A birthday is a great time to reflect on your life.
Well, I've written before about the importance of recording memories. I try to emphasize this with my students and with my family. There have been times when my "recorded history" has come in quite handy when someone tries to say, "You never..." or "I never got to..."
We are fortunate to have so many ways to record memories. There's everything from a basic journal, to blogs, videos, photos, and paper and digital scrapbooks. Although oral storytelling is still one of my favorite ways to pass on events from the past, a bit of supporting evidence, such as photos, video or a written document, certainly does help one's case when there's a dispute. Multiple points of view definitely help.
Make sure your students and your own children are keeping a record of their history. Work together as much as you can to make it real and accurate. For me, I only have one side of the story and a terrible memory of my own, so I can only imagine how things really happened. For fun, here's just one example...
"Comments on Maryann - at 2 1/2" - as recorded by my mom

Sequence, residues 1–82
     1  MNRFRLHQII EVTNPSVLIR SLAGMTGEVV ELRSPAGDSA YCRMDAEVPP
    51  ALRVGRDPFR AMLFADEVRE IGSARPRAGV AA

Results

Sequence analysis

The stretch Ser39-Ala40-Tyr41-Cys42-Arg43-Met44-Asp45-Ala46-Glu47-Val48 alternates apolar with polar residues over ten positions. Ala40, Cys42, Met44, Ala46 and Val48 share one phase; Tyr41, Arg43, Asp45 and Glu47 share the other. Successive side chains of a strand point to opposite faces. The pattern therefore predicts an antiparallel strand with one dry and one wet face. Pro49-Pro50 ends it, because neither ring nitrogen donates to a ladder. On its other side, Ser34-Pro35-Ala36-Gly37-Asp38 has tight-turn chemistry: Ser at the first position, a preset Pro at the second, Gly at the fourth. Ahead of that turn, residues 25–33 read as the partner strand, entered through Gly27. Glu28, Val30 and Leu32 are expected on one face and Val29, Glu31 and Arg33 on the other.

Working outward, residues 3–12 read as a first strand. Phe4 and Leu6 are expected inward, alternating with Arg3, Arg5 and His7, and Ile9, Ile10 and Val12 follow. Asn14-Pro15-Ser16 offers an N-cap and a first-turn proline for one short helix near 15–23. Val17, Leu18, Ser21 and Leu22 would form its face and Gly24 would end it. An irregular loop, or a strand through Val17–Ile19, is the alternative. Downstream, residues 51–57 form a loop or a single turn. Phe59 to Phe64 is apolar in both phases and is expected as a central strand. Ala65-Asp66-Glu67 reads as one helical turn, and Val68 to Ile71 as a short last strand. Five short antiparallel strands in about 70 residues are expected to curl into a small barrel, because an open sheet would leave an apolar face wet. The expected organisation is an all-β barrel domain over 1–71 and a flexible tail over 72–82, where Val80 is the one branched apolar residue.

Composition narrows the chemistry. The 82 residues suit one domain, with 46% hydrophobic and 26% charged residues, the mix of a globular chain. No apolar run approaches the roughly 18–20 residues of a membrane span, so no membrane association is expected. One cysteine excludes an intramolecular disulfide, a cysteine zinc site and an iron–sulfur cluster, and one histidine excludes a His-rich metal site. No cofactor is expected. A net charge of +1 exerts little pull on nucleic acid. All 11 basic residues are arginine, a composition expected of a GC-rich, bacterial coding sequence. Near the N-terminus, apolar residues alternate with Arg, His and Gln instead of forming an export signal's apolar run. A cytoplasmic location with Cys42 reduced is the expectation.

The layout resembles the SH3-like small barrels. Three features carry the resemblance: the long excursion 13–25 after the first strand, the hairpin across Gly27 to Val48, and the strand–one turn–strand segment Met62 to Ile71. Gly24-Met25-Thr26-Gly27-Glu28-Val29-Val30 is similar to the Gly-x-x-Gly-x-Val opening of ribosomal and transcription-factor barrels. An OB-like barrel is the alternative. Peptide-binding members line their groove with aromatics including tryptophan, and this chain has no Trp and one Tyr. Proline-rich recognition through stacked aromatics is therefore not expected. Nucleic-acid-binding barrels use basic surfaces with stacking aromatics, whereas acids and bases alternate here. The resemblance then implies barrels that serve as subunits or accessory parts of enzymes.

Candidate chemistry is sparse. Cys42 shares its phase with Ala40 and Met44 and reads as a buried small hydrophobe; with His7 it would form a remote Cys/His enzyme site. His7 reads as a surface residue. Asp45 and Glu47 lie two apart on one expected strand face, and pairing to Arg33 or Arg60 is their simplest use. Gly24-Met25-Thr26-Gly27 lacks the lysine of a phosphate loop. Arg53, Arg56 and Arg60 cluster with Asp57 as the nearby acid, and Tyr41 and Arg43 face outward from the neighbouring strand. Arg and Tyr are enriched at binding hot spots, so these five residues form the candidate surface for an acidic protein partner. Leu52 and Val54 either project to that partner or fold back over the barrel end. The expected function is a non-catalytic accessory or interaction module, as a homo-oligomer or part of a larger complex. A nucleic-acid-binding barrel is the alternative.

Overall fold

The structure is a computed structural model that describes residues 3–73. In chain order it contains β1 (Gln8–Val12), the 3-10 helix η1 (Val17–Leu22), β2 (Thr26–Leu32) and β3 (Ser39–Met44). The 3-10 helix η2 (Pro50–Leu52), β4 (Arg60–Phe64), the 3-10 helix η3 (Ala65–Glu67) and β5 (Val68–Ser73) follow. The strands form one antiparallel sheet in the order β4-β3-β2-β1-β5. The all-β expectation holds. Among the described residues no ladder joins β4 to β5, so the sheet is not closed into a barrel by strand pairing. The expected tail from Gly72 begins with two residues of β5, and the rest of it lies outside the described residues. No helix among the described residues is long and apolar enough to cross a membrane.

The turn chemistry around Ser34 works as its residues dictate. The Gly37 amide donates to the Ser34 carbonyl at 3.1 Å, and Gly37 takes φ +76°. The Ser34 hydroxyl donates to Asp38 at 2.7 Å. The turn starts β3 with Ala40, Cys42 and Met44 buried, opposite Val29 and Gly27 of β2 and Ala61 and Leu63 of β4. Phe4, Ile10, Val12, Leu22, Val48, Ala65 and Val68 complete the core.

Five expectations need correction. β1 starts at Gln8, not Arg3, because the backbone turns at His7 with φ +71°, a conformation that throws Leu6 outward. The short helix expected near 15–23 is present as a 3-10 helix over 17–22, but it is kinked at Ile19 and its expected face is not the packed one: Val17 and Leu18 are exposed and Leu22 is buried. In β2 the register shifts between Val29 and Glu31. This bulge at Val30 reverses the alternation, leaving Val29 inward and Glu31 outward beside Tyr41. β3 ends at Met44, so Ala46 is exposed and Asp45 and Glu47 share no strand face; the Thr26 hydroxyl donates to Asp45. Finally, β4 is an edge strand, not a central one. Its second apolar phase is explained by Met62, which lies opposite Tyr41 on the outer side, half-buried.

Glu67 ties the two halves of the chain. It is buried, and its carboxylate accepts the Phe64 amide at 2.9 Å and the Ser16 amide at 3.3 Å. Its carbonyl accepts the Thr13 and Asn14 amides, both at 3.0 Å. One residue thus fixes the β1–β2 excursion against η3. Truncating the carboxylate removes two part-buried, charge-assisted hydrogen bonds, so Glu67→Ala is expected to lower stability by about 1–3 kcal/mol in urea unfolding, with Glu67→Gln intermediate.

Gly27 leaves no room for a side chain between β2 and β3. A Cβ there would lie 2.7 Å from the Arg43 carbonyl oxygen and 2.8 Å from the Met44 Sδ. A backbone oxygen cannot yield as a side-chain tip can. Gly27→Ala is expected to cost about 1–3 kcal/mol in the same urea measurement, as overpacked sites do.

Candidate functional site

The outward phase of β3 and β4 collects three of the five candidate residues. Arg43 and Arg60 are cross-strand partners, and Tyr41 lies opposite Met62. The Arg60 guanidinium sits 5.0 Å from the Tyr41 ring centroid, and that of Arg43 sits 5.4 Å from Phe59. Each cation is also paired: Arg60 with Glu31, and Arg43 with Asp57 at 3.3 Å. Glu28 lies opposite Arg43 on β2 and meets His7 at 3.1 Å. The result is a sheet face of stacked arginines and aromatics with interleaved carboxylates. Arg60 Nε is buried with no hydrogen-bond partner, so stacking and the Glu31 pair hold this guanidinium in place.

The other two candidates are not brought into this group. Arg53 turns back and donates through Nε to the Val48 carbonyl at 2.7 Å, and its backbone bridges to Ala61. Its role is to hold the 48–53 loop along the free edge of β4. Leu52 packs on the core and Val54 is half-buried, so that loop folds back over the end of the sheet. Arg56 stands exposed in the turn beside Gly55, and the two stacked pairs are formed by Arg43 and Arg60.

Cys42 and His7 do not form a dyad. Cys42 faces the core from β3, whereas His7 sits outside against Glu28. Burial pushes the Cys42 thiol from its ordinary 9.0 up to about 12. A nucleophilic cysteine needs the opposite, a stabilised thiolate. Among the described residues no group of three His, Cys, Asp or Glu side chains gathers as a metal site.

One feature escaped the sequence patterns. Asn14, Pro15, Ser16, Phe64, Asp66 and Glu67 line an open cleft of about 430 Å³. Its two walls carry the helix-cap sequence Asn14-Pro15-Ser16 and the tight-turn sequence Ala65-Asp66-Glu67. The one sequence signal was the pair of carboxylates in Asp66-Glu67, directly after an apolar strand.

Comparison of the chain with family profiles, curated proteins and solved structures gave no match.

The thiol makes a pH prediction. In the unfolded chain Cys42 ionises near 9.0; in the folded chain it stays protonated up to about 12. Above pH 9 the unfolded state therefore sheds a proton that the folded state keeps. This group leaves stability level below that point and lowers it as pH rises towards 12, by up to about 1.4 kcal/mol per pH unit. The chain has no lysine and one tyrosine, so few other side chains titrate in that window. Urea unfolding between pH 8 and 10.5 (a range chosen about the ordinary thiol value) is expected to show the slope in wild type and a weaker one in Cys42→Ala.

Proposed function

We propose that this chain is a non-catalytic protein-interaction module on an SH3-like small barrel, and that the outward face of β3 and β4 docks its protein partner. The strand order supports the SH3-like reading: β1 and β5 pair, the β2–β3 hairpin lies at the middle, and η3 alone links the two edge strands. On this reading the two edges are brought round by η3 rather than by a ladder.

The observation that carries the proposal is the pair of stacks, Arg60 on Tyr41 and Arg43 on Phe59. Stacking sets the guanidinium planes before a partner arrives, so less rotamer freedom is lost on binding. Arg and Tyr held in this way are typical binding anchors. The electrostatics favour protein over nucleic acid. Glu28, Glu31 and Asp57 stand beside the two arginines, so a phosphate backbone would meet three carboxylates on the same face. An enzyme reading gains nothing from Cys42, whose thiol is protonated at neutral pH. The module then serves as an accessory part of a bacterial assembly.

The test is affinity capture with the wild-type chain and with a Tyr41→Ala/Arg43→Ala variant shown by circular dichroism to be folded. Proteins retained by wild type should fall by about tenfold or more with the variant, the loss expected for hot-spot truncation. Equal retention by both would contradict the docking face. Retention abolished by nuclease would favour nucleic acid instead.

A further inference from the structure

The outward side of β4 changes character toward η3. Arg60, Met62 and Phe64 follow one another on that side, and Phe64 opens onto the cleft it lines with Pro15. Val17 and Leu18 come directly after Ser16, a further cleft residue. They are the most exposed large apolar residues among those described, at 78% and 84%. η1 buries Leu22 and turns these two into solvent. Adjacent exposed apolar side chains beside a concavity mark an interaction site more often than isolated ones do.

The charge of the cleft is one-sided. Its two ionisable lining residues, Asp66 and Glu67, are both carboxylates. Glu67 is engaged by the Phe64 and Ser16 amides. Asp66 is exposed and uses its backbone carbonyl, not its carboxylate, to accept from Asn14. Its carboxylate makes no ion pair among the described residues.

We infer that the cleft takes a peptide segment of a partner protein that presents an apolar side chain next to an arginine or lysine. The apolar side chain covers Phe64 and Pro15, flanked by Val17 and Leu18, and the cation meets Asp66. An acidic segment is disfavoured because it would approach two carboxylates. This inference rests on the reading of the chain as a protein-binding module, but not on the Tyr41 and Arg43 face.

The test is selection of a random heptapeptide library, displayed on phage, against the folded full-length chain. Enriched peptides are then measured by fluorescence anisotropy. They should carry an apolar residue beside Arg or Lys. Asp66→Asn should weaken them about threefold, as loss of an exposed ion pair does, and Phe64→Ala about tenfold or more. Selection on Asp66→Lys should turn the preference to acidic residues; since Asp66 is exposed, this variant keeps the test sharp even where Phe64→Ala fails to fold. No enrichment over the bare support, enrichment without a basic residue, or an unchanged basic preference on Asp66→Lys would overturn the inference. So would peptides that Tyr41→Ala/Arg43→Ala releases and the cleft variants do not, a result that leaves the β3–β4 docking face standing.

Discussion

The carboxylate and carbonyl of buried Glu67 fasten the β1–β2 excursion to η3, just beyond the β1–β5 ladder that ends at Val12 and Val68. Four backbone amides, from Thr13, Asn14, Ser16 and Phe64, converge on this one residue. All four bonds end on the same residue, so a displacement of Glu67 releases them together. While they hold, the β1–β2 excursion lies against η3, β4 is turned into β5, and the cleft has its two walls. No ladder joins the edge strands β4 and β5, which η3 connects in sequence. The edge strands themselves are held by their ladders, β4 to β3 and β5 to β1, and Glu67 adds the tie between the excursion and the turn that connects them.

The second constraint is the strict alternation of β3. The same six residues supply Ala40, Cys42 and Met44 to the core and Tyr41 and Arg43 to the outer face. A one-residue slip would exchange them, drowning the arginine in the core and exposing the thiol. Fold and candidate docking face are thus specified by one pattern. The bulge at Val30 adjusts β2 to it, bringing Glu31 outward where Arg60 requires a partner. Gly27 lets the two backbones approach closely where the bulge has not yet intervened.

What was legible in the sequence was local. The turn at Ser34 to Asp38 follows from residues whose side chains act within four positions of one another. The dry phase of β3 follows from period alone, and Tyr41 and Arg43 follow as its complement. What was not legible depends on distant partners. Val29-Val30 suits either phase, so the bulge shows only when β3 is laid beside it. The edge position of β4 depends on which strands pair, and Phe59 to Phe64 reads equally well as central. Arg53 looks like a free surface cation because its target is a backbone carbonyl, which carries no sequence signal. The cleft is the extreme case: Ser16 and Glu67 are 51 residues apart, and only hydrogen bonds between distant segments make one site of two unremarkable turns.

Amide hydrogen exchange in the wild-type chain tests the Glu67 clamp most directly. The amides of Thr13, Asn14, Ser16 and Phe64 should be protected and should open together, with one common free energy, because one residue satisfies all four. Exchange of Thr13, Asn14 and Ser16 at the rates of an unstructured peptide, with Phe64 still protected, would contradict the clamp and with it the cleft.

She is still very stubborn. She always wants to do everything Carolann [my older sister] can do, but doesn't like me to show her. She cries that I only give her a "little bit" to eat. She eats half then cries that I gave her too much. She is very clumsy and enjoys being bad. She has an "eternal smile" as big as can be - even when she is getting yelled at. She climbs, touches and gets into everything. She doesn't like to be helped. She can't keep still a minute.
Rebuttal, by me :) - I was very smart and skilled and frustrated at being held back by the unfortunate circumstance of being born second. I was further frustrated by my parents' inability to appropriately portion my food, either giving me too little or too much. I tried to be pleasant even though I was constantly criticized. As soon as no one's looking, I'm outta here.
(Now the record is straight.)